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Peloton Ad Gets Everyone Talking – For the Wrong Reasons

December 9th, 2019   ||    by Brooke Phillips

It’s happened again. Another brand – in this case, Peloton – has engendered a wave of public attention and ridicule from their latest ad.

This time doesn’t appear to be a case of “all publicity is good publicity,” as Peloton’s stock fell by about 9 percent a day after the ad fallout exploded online and on Twitter, in spectacular fashion.

For a brief moment one may have wondered if the tone-deaf ad was created, (presumably) approved, and launched with the very intention of stirring up strong emotions and thereby consumer attention. If so, then mission accomplished. But then, after about a day of leading the business news, and endless Peloton-inspired parodies and take-downs on social media, the company finally released a statement that said, “…we’re disappointed in how some have misinterpreted this commercial…”

What Got Everyone So Riled Up Anyway?

So, um, what did they maybe “misinterpret”?

The ad, officially titled “The Gift That Gives Back,” shows a young mom getting a new Peloton on Christmas morning, from her husband/partner. They live in a nice, airy modern type home. The mom, who is already quite fit looking, embarks on a year-long video diary of her Peloton journey. There she is, riding after her long day at the office; waking up at 6 am to ride her Peloton, even riding five whole days in a row. Through the change of seasons glimpsed out the window, she rides and rides. We get it! She loves her new Peloton, darn it.

And at the end of it all, while watching a year’s worth of working out video montages, she claims to her benevolent gift-giver…err, husband/partner: “I didn’t realize how much this would change me.” Cringey or not? Maybe that just depends on your mood. Or, perhaps it depends on whether or not you’re in the market for a Peloton, starting at around $2,245.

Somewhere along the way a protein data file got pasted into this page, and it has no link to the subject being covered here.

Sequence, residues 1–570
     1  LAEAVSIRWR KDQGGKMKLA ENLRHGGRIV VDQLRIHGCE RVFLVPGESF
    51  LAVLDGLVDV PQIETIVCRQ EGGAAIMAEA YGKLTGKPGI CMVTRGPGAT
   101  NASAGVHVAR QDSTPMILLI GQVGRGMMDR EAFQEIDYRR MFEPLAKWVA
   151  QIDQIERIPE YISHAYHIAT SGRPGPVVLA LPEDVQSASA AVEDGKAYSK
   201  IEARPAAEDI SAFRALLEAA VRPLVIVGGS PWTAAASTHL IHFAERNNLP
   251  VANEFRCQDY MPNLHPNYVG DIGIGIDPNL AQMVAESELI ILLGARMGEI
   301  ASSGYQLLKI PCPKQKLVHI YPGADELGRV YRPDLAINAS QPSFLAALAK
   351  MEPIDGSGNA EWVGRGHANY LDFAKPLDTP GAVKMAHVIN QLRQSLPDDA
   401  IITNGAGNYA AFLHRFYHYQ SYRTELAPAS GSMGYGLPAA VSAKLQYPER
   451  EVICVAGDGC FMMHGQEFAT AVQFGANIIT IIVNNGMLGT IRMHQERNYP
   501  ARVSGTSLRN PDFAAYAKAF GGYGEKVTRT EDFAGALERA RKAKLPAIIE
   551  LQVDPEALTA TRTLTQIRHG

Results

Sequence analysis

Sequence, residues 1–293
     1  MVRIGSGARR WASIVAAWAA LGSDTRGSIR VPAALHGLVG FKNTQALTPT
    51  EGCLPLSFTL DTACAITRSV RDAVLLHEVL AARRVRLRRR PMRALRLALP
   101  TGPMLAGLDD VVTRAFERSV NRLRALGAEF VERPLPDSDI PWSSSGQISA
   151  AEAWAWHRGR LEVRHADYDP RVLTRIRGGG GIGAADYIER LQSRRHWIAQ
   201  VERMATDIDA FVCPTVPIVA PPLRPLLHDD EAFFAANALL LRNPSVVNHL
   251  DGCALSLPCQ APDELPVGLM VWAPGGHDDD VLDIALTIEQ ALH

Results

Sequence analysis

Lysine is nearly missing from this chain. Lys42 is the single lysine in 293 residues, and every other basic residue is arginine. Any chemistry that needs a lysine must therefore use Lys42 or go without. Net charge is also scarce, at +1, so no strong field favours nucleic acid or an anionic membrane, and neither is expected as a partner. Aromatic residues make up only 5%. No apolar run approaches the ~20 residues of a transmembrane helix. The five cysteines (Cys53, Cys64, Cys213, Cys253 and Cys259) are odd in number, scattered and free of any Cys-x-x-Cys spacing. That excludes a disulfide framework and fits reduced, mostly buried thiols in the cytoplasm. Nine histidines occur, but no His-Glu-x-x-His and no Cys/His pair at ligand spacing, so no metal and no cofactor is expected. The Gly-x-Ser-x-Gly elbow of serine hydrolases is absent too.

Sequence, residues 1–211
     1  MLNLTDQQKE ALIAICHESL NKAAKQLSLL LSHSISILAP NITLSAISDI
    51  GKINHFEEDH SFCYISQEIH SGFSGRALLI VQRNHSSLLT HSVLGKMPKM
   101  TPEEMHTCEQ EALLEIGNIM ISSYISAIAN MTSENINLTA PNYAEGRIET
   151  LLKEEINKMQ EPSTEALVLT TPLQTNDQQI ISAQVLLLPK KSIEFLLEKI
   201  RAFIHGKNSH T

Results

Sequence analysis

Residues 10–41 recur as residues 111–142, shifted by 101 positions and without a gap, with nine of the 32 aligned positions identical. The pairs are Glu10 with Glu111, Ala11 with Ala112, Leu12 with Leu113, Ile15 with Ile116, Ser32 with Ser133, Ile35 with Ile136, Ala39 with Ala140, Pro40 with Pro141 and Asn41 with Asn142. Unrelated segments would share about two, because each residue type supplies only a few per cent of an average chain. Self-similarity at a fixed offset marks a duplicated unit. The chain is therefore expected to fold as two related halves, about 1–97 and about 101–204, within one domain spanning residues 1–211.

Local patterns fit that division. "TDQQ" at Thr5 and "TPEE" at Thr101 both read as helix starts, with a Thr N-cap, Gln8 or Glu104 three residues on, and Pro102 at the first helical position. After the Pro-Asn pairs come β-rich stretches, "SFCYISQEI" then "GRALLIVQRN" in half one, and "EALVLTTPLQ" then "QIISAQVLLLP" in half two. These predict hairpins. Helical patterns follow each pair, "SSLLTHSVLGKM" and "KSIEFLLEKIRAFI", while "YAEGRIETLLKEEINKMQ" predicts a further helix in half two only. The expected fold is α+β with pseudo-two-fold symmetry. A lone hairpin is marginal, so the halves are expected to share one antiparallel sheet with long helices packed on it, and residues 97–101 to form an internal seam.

Either way, this particular ad – which actually launched in early November – has created a backlash, with most critics pointing out the ad’s general air of privilege, and to some, sexist tones, e.g. “Merry Christmas, honey – time to get your butt in shape!” Not to mention, that despite her claim that the bike “changed” her, there is no discernible difference in her physical appearance. She is as attractive and fit before Peloton and after a year of riding her Peloton bike, she remains so. Maybe she had some sort a spiritual breakthrough??

Or, maybe how we react to this ad says more about us, than the creators ever intended.  We bring to it our own “misinterpretations,” if you will. That’s seems to be the approach the Peloton team is taking in their reaction to the public backlash. Instead of acknowledging a possible messaging and creative misfire, or miscalculation of current societal mores around body image (women in particular), gender roles, class, you name it – the brand stands by their ad.

And another brand has already stepped in to capitalize somewhat on the overall Peloton controversy. This new ad, courtesy of actor Ryan Reynolds’ brand of liquor, Aviation Gin, offers the actress from the Peloton ad a chance to show she’s moving on to “new beginnings.” Wink wink.

In Good Company – Other Ads Relegated to the Dustbin of Mistakes­

Many other brands have faced similar public backlash after the launch of a new ad campaign. Remember Pepsi and the Kendall Jenner ad from 2017? Ouch. That backlash was arguably worse than this current snafu and tied to very real and serious social upheaval issues around the Black Lives movement and protests. Pepsi removed the ad from circulation and then…actually issued an apology.

Some ads are so tone deaf or just plain weird you wonder how they ever made it out of the creative director’s office. Pelton is in good company in this area – Cheetos Lip Balm, anyone?

No, didn’t think so.

Google Glass, Nivea, Gap Kids, and numerous luxury fashion brands have all made similar mistakes.

Peloton can take comfort (their reputed 8.1 billion valuation doesn’t hurt), that their moment in the hot seat will surely pass – and that before long another ad misfire will come along to get everyone riled up.

 

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